Mom Knows Best. I Wish I'd Remember That More Often.

Any parent will tell you that they know their child better than anyone else does, and it's the truth. But I'm finding that in the world of special needs, so many professionals think they know what's best for your child more so than the parent does. I believed them for so many long years. I mean, they're professionals, and I was so new to this world. I kid you not when I say that parenting Micah (our 4th child) is like learning to be a parent all over again. The rules have changed. All of them. And some have been completely reinvented based on circumstances. It's intimidating, and if I can rely on a professional to tell me what to do, I'm grateful for their help.
But this summer has taught me that it's alright to trust my instincts. Parents know their children better than anyone else does. This summer, I chose not to take Micah to speech therapy. At all. This summer, Micah's speech has come so very far. It's not because I chose not to have him therapized. (It's a word. I invented it.) It's simply because Micah continues to work so very hard on his own, and 30 minutes per week of someone telling him what to do won't make any more difference.

This summer, I chose not to send Micah to summer school. I did once, that first year that the professionals recommended it, and I regretted that decision. Micah hated to be away from the family when the other kids were home. And really, what was the point? Summer school for kids with delays is to help those kids retain as much information as they can so they don't get too far behind their peers when school starts again in the fall. In the past, Micah hadn't really learned much to forget. This year, though, he did. He learned his numbers and can count to 10 all by himself. He learned the alphabet, and can recognize them in print, write them, and say their sound. It's a huge accomplishment. There was knowledge to be lost. And yet I chose to keep him home.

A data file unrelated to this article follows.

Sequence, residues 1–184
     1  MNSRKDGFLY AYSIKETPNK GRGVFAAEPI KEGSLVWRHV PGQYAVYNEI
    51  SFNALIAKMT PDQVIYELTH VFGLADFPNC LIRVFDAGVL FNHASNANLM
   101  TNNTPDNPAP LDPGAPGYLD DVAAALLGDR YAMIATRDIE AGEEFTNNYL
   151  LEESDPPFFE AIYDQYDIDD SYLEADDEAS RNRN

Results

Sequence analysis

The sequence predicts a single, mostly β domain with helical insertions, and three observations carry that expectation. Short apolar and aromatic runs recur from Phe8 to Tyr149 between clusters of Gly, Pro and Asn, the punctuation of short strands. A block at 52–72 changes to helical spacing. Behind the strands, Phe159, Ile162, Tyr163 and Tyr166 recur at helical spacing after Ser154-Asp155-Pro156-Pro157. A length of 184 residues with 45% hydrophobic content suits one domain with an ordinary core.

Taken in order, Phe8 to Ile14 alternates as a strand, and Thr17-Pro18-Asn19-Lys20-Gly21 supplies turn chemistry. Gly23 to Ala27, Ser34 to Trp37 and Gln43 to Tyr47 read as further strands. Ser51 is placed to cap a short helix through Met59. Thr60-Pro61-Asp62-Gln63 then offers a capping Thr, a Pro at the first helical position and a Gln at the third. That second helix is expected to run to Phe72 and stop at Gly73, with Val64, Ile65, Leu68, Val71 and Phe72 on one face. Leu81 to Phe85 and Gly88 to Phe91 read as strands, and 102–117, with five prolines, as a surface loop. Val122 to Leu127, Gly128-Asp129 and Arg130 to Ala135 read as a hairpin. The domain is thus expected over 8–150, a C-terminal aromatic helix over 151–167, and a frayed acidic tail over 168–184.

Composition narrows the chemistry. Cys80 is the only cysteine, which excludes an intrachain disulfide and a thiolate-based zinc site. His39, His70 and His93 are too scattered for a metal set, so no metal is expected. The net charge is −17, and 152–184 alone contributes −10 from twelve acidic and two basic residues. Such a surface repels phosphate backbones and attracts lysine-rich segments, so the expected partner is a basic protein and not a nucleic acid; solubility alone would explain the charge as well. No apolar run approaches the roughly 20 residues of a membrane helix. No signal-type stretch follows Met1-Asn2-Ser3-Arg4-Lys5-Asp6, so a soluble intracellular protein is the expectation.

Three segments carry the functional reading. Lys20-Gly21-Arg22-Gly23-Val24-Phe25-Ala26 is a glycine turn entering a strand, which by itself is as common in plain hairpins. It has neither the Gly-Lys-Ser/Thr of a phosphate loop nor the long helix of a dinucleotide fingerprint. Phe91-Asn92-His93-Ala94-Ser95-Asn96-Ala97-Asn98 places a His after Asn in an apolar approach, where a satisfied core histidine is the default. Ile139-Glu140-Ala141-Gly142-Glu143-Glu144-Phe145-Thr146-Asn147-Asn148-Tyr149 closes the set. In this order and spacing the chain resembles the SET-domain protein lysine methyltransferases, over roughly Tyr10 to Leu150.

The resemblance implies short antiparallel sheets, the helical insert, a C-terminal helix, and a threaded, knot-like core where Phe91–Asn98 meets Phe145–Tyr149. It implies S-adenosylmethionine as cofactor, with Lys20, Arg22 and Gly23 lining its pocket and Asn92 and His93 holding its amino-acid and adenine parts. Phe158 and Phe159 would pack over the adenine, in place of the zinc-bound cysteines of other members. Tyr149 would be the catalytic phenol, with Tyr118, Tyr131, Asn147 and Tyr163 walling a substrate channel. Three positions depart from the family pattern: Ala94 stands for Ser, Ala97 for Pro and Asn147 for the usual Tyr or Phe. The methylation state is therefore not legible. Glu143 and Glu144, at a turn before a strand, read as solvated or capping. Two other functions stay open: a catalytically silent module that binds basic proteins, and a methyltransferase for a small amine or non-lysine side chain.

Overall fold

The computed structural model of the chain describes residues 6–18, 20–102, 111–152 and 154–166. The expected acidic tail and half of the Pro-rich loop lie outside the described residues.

I had doubts. I mean, the professionals made it clear that Micah would lose so much of what he learned if he wasn't tutored over summer. But I made my choice, and resolved to help Micah with his letters and numbers on my own. That resulted in pasting the alphabet in the upstairs hallway, and counting things on an infrequent basis. I rock the commitment, let me tell you.
But just a few weeks before school started, I went over the alphabet with Micah. He knew every single letter, and not only did he know them as I chose randomly from the stack, he knew their sound and the accompanying hand sign.

I am making public note of the fact that I know my child better than anyone else does. I am going to come back and re-read this in the future when I have doubts, and the professionals try to tell me that they know what's best for my son. I will stand firm in the knowledge that I know my own child and am able to make my own informed choices for his future.

I am a mother. I guess that's all I needed to know all along.


Cindy said...

Good for you!!

I found some summers, Beth flourished at home!! We learned it was because she imitates. At school she imitated all the behaviors she saw in those with severe developmental delays. She imitated those with anger issues and social delays. I'm not saying Beth learned all of her mental and social delays from the kids at school, but when she was at home for the summer, her speech improved, her social skills improved and she didn't lose any more knowledge than any other kid in the neighborhood. She just imitated what she saw every day.

The Sports Mama said...

I go through this same thing with my Bug. And I'm getting darn good at convincing others that I'm right.

If only I could always convince myself.... :)

You are one of my favorite mamas, and ALWAYS one I look to for inspiration and strength. Even if you don't know I'm doing that... :)

Chicory Blue said...

I know I emailed you this when I noticed from your posts that Michah's speech was really coming along but I'll post it for your readers.

I truly believe that some kids need a break from therapy in order for the brain to process everything. I think we are always teaching new things...and the brain sometimes just needs time to assimilate all the new info.
I am an SLP-and the "speech fairy" visits my students over the longer breaks: Christmas breaks...summer breaks, spring breaks and summer....times when therapy isn't formally occurring. I see it more often than my colleagues probably want me to admit :)

Yay Micah!